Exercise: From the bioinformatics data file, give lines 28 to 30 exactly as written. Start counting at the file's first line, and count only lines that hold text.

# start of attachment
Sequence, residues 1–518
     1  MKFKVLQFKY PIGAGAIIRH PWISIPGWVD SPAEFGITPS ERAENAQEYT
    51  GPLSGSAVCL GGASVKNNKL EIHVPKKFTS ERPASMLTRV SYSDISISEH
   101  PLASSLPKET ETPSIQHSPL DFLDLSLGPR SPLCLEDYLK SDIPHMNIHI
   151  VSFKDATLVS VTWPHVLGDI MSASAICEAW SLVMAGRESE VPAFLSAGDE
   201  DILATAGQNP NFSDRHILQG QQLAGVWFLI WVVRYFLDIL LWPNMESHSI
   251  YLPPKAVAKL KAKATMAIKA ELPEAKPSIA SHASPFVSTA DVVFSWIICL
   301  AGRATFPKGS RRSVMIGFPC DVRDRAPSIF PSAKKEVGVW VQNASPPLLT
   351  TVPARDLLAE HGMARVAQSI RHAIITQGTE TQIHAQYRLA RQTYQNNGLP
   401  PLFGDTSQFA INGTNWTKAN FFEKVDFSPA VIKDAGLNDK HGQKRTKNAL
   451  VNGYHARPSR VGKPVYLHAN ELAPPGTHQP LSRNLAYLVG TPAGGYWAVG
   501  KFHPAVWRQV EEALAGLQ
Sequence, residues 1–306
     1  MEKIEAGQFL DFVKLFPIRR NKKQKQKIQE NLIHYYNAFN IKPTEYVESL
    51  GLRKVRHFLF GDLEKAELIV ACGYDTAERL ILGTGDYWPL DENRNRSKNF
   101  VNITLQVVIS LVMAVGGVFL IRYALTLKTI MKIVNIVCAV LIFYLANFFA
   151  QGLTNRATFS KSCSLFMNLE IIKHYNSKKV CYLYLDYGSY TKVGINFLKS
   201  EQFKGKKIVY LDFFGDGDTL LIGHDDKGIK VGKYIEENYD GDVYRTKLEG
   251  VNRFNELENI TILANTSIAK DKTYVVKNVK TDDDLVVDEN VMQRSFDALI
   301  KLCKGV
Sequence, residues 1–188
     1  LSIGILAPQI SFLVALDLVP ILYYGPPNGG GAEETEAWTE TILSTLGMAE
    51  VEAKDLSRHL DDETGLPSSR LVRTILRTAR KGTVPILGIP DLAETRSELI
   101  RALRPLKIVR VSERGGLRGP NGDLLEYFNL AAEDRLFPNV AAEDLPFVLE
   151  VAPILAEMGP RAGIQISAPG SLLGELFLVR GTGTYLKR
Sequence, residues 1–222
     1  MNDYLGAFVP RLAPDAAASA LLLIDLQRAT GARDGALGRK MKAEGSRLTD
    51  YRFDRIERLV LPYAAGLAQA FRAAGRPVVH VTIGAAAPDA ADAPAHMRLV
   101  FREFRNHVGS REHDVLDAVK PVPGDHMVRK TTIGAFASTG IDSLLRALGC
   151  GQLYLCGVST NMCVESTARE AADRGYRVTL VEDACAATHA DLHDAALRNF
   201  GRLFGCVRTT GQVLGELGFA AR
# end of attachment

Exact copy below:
    51  YRFDRIERLV LPYAAGLAQA FRAAGRPVVH VTIGAAAPDA ADAPAHMRLV
   101  FREFRNHVGS REHDVLDAVK PVPGDHMVRK TTIGAFASTG IDSLLRALGC
   151  GQLYLCGVST NMCVESTARE AADRGYRVTL VEDACAATHA DLHDAALRNF